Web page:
Don’t get me wrong; I’m not writing a philosophical book here. It’s still a fantasy novel with dinosaurs and people getting killed by dinosaurs. I’m not creating high literature here. But even the pulpiest of fantasy stories have something to say, even if it’s just “man, it would be so cool to be a knight” and that’s what I’m keeping in mind with my work. Will it pay off? Will those ideas be communicated? Hard to say. We’ll see what happens when I finish it.

Next, I’ll talk about the Bloodline Legacy issue, also known as the Midichlorian Problem that turned Jedi into the bad guys . . . from a certain point of view.

Thoughts on Writing Fantasy

I really like the fantasy genre. Out of all the interests in my life, I think it’s my love for fantasy that’s had the biggest influence. My mom reading me the Hobbit is one of my earliest and most influential memories. It was a fantasy video game that got me into writing stories of my own, which set me on the path where writing became a thing I wanted to do. It’s even how I ended up meeting my wife; I mentioned that I was running a Dungeons & Dragons game, she asked to join and that was how it all started for us.

I’ll note that every time I say fantasy here, I really mean the entire fantasy genre, not just the idea of thinking about pretend stuff, but “fantasy genre” is tiresome to type out.

Anyway, fantasy is important to me. It’s something I look forward to sharing with my son when he’s older, even though I’m emotionally preparing myself for the possibility that someday he’ll want a football and a pair of skis instead of a Crown Royal bag filled with dice.

My first major writing project was a novel I started when I was about fourteen(ish). It mostly stands as a testament to how much I was enthralled with R. A. Salvatore at the time; you’ve got fifteen page long swordfights, for example. There’s also a romance plotline that reflects how the largest influence on my understanding of romance was the Star Wars movies, and not in a good way.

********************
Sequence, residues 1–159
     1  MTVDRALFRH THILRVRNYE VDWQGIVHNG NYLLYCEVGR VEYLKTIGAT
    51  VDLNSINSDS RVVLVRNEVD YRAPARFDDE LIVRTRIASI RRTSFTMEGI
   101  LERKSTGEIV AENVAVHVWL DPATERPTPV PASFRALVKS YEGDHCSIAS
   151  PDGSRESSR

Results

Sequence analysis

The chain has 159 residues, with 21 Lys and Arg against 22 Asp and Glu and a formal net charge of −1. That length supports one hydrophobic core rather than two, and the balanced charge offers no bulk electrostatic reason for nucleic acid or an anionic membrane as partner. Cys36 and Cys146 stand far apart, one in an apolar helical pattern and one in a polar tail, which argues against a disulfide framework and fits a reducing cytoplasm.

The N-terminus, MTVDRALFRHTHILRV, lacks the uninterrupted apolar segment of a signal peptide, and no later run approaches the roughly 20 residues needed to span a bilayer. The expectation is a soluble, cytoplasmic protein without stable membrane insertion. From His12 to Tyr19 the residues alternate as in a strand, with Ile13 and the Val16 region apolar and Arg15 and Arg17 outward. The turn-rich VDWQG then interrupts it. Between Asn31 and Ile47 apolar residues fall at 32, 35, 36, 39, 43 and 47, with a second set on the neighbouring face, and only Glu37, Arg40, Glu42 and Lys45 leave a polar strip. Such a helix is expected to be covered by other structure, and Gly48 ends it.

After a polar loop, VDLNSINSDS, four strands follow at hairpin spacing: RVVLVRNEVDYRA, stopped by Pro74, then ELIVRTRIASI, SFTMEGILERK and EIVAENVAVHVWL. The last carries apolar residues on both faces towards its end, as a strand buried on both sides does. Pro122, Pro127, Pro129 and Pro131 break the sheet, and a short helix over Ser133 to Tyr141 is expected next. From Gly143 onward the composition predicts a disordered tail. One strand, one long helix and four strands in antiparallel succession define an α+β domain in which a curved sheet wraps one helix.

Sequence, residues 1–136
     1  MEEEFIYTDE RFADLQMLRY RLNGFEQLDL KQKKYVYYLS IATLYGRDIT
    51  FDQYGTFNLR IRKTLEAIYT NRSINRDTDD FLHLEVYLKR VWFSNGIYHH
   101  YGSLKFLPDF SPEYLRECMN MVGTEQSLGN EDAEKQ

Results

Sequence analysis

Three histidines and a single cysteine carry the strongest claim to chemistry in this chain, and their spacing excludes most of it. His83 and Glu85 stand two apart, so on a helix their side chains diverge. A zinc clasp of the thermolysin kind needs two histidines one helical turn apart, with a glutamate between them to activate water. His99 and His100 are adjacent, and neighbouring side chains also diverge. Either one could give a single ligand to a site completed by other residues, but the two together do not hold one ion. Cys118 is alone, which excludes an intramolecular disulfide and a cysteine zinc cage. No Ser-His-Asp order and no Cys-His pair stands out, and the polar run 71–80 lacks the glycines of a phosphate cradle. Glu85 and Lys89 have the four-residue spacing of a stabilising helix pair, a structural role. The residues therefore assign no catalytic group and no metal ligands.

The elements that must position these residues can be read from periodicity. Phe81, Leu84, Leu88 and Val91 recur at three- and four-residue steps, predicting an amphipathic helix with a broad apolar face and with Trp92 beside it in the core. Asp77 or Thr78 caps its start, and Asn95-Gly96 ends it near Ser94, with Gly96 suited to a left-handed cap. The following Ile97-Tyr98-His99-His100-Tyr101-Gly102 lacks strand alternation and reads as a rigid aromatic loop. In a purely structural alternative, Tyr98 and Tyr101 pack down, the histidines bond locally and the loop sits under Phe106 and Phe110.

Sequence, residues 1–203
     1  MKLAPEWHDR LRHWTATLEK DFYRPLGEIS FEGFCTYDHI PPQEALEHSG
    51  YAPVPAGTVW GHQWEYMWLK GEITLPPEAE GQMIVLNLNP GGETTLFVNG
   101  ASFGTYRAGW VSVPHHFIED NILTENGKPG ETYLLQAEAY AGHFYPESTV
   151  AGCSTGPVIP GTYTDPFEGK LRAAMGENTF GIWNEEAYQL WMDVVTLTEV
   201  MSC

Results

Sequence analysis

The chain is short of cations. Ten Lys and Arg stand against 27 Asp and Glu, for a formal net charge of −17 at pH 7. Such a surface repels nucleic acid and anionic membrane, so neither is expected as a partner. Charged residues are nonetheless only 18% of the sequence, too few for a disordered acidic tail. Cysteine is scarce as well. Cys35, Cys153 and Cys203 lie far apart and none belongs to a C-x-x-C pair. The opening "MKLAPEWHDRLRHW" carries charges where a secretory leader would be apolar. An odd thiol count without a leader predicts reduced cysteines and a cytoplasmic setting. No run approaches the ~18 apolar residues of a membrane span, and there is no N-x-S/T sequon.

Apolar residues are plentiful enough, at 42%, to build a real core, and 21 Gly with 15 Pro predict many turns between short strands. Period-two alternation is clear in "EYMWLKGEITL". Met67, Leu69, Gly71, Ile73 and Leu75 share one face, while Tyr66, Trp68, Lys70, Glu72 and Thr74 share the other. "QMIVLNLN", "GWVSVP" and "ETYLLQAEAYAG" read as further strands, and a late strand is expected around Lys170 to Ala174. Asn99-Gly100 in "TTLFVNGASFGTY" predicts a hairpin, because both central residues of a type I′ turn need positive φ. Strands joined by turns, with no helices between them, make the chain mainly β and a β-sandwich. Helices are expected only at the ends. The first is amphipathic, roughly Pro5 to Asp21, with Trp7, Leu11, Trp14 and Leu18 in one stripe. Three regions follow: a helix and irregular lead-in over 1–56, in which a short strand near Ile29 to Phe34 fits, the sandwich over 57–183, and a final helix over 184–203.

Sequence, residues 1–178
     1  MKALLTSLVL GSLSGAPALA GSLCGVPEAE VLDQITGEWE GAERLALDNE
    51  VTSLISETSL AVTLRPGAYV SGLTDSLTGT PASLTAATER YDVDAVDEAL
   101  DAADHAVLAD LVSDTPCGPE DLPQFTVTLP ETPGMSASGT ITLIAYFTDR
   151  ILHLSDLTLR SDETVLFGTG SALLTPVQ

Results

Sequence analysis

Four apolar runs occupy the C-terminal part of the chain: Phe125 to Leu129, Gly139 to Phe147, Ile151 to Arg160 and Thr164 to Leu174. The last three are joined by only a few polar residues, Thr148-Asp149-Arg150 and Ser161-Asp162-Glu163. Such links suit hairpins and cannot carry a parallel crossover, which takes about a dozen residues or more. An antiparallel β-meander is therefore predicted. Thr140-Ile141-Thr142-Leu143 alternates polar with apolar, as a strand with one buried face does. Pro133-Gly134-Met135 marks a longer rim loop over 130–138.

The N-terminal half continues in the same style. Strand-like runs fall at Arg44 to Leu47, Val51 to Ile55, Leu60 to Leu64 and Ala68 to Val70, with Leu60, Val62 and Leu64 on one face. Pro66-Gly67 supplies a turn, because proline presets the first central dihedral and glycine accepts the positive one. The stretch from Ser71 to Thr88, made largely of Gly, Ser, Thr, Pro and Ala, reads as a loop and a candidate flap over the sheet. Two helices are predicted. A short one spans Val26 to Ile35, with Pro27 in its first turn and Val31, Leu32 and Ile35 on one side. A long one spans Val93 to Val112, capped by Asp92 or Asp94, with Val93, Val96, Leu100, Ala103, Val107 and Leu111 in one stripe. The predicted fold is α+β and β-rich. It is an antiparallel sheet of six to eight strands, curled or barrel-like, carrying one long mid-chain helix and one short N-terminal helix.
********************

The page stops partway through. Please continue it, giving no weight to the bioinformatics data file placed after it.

After that book, I sketched out some ideas for a sequel and a prequel. The sequel actually ended up getting pretty far in a first draft (I think around 60,000 words) but eventually I lost steam and the years started to pile up without much progress. In 2008, I learned about NaNoWriMo and in 2009, I wrote my first successful NaNo project, 50,000 words which eventually became the novel Unrepentantwhich you can read right here on this very website if you so desire. In fact, I had so much energy going through November 2008 that I kept writing every day even after the month was over and eventually ended up with a 120,000 word first draft.

Unfortunately, after that first shot of adrenaline, I think NaNoWriMo started to become more of a distraction than a help. I spent 2010 writing and rewriting Unrepentant and I was making pretty good progress, but then November rolled around and it was time to start another NaNo novel. The rules strongly encourage you to start a new novel instead of working on an existing project to give yourself the creative freedom to write quickly, so I started a prequel called the Fey Queen. I worked on that long enough to win the month, then it was back to Unrepentant. That was 2010. In 2011, I started a sequel to Unrepentant called Angel’s Descent. For some reason, perhaps a holdover from my first ventures into writing, I really had a thing for the writing pattern of novel > prequel > sequel.

You can see the pattern that started to emerge. I would spend most of the year working off and on, only to start a new project each November. After my three forays in an urban fantasy-esque romance, I tried cyberpunk, then a frankly bizarre attempt at a murder mystery, then back to cyberpunk for a sequel. Each of these hit 50,000 words for the NaNo goal, but then I would shelve them because each one would require extensive work to go from a NaNo draft to something resembling an actual draft. I think I planned to build up this pile of half-done jobs, pick the ones I liked best, then finish and polish those up.